The “SUV”ish Way Of Driving

Our mind-set towards cars accounts for India’s preference to SUVs says Dhiyanesh Ravichandran. 

Big beefy, intimidating off-roaders and a variety of SUV designs have seized our domestic car market. It’s pretty evident and requires no testimony. They, invariably diesels, invade every car “segments” – from hatchbacks to ultra-luxury end – and every budget ranges. The SUV boom was indeed a prime factor that led governments to think and push for diesel deregulation and tax reforms which may affect the CV industry and lead to overall inflation in the long run.  
SUVs are globally a recent development, gaining traction only since late 1990s or early 2000s. There were SUVs earlier too with truck like hideous looks, body-on-frame construction, two-door, no hard tops, etc. – certainly not for family fantasies. The dawn of millennium saw grooming of SUVs with sleek exterior design and styling. Consumer demands pushed automakers to carve out new models out of existing platforms. Monocoque designs and psedo-avatars like compact/ mini SUVs and crossovers gained prominence, the time when SUVs globally were elevated as premium vehicles from mere utility vehicles.    

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India peculiarly reflected this global bloom of SUVs. We had very few models, yet were increasingly getting the taste of it. Home grown models like Safari and Scorpio were runaway hits and rightly proved their potentiality among the Indian buyers. And the game is on.  
Many would think the SUV boom isn’t an aberration, as India makes perfect argument for SUV usage – bad roads, rugged driving and harsh weather conditions demand higher ground clearance, beefier suspension, 4WD, or whatever. We are also known for carrying hell lot of stuffs with us, both passengers and cargo – ‘large families’, canned food for trips, and whatever. They are spacious, practical, their balanced on and off-road abilities, etc. But then, these utilitarian arguments are partly true but they have their own limitations. They hardly explain fully why such a craze for SUVs exists.


A social-psychological approach can help. Is there something like an “Indian” mind-set towards cars or a way of driving? Let whatever that may mean, yes pretty much. A colonial, casteist and elitist mindset. Let me brief you how. SUVs are muscular, mammoth in size and distinctive, symbolising power and prestige on roads full of tiny hatches and vans. India is an “image and status-conscious” society since very beginning, we have the perpetual caste system ranking and differentiating people as a way of life. Every values and preferences, all across eco-social spectrum, are marked by status symbolism and desire to envy others and to be envied. Not just in buying, such values go hand in hand in all our decisions.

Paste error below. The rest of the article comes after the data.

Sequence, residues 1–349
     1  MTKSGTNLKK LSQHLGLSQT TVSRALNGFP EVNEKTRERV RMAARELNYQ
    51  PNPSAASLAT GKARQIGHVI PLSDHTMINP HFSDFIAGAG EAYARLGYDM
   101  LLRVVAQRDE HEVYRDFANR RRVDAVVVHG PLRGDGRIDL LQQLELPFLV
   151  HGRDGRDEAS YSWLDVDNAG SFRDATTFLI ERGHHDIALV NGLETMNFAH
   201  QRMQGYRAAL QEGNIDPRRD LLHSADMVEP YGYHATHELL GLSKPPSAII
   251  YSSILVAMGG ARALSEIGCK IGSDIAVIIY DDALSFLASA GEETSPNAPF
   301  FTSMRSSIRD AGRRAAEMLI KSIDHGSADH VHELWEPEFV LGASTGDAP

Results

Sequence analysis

We also think “Big = Status”, as size means pricey! That’s why Nano glumly failed, we made too big a deal out of its cheapness! Why to own a car than to show everyone that you are poor? Therefore, we are not just value-conscious on car buying. Such an obsession with ‘something big’ can be clearly seen in all those cars that tries to emulate SUV cues. Why do we see more of “Cross” hatches or mini SUVs below 4m length these days? They serve absolutely no purpose of an SUV, but a mere show-off.  

SUVs in cities like Delhi are best only at intimidating Rickshawalas, two-wheelers and pedestrians. That remains to be our attitude towards fellow road users. The ride height makes people feel that SUVs are safer than any other cars (as if they are ‘defensive capsules’ made for Mars mission!), and so need not take any basic precautions like seatbelts or slowing down while approaching speed breakers, potholes, etc. This is how we shift our driving safety focus from active to passive. Vehicle’s safety depends on the driver and not necessarily on car. Don’t we have to rethink this kind of malevolence in our driving?

Photo Credit: ZigWheels, MotorBeam, Autocar India

Dhiyanesh Ravichandran

Dhiyanesh is equally crazy about driving cars and writing about them. This guy loves everything with a steering wheel, so, at someday if self-driving cars take up all driving, he is sure to go nuts! He likes sedans of 90s era, esp W140 S-Class and R34 Skyline GT. Apart from usual motoring stuffs, he maintains a strong appetite for sociological perspectives on cars, their historical and cultural footprints. He owns a 1999 Fiat Siena passionately, and drives a Ford Fiesta.